What is the difference between fixed, variable and split rates?

Fixed rate

A fixed rate home loan is a loan where the interest rate is set for a certain amount of time, usually between one and 15 years. The advantage of a fixed rate is that you know exactly how much your repayments will be for the duration of the fixed term. There are some disadvantages to fixing that you need to be aware of. Some products won’t let you make extra repayments, or offer tools such as an offset account to help you reduce your interest, while others will charge a significant break fee if you decide to terminate the loan before the fixed period finishes.

Variable rate

A variable rate home loan is one where the interest rate can and will change over the course of your loan. The rate is determined by your lender, not the Reserve Bank of Australia, so while the cash rate might go down, your bank may decide not to follow suit, although they do broadly follow market conditions. One of the upsides of variable rates is that they are typically more flexible than their fixed rate counterparts which means that a lot of these products will let you make extra repayments and offer features such as offset accounts.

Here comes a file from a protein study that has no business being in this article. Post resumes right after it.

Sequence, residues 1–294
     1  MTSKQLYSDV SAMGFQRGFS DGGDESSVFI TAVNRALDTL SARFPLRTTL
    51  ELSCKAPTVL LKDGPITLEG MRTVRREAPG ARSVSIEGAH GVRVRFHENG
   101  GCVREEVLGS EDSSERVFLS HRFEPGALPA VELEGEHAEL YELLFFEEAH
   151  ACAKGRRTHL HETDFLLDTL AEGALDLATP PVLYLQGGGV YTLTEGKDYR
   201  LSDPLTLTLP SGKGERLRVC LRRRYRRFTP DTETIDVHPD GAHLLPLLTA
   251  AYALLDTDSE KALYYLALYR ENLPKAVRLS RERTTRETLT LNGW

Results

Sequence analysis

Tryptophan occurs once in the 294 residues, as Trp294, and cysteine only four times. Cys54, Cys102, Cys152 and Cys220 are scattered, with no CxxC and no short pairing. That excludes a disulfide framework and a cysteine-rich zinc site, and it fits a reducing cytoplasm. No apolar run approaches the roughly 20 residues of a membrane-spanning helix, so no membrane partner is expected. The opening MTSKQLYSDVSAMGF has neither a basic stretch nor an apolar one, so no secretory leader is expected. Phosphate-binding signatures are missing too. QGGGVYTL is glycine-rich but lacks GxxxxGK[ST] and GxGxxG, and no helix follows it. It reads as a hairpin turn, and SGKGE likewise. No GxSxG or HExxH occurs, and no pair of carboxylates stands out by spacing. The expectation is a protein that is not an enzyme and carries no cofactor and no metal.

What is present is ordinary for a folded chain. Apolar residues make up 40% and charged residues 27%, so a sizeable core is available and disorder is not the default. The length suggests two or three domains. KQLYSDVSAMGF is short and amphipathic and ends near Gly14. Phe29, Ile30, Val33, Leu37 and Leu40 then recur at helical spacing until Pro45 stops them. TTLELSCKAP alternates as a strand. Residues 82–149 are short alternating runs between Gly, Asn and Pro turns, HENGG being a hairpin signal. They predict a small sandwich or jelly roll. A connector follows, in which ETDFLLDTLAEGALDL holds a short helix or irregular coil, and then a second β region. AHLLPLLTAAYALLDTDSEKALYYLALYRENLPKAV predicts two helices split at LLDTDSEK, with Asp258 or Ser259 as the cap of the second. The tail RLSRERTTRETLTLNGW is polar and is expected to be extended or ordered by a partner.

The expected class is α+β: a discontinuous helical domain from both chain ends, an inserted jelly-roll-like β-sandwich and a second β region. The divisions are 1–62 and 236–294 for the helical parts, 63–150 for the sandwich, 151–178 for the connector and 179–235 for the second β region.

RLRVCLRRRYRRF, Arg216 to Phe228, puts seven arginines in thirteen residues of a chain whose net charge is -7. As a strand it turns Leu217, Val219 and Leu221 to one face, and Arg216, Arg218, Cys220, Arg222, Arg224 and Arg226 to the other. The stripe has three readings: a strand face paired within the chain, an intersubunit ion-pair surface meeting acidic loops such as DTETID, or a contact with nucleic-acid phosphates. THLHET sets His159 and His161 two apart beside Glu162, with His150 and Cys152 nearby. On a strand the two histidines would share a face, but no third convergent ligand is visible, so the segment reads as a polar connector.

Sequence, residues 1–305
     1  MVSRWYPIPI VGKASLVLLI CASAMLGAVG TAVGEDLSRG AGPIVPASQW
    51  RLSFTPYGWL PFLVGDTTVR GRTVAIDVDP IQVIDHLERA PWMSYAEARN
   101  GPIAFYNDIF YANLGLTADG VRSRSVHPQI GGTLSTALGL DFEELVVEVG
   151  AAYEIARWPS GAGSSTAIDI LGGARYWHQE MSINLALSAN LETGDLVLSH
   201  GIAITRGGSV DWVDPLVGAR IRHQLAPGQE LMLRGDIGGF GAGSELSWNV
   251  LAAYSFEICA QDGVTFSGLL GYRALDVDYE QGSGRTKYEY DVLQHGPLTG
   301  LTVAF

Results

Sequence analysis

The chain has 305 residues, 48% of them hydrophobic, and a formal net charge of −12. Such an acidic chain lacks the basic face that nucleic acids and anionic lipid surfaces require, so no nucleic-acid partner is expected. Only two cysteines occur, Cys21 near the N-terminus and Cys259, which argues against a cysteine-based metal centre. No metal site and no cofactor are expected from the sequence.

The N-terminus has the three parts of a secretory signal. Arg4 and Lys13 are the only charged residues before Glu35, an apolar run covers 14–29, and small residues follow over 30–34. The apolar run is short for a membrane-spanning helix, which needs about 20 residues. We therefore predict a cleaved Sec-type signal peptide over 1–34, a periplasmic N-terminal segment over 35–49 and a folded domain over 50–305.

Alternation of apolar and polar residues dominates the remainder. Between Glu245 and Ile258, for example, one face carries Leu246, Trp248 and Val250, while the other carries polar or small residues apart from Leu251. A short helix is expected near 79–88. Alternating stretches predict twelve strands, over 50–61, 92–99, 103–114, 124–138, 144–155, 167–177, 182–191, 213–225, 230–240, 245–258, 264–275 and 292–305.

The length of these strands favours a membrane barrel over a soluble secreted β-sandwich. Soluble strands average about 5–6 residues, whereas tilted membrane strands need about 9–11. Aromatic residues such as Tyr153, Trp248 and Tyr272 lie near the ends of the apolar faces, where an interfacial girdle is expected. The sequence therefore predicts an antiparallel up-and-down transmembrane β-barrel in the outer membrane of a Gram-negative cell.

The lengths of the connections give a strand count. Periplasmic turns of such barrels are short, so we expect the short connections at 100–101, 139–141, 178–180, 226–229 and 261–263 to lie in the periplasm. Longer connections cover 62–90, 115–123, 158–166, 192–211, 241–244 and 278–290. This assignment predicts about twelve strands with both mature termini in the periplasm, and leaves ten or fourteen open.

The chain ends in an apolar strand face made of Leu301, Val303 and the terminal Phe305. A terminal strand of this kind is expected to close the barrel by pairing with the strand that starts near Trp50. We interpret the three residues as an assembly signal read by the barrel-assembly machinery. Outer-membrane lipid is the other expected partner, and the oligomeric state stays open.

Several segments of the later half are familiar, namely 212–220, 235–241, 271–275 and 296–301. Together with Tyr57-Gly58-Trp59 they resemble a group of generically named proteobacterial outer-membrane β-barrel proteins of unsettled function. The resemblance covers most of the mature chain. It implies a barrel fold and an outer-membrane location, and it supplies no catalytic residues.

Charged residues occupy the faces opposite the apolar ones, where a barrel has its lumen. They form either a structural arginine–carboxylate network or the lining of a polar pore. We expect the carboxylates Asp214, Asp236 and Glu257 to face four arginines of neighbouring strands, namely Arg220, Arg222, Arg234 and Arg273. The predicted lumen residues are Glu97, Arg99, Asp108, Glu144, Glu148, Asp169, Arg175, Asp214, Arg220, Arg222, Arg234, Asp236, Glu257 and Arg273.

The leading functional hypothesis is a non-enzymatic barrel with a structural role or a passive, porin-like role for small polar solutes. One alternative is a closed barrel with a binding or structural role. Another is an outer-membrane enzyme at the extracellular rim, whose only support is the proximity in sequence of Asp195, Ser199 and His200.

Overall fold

Split rates home loans

A split loan lets you fix a portion of your loan, and leave the remainder on a variable rate so you get a bet each way on fixed and variable rates. A split loan is a good option for someone who wants the peace of mind that regular repayments can provide but still wants to retain some of the additional features variable loans typically provide such as an offset account. Of course, with most things in life, split loans are still a trade-off. If the variable rate goes down, for example, the lower interest rates will only apply to the section that you didn’t fix.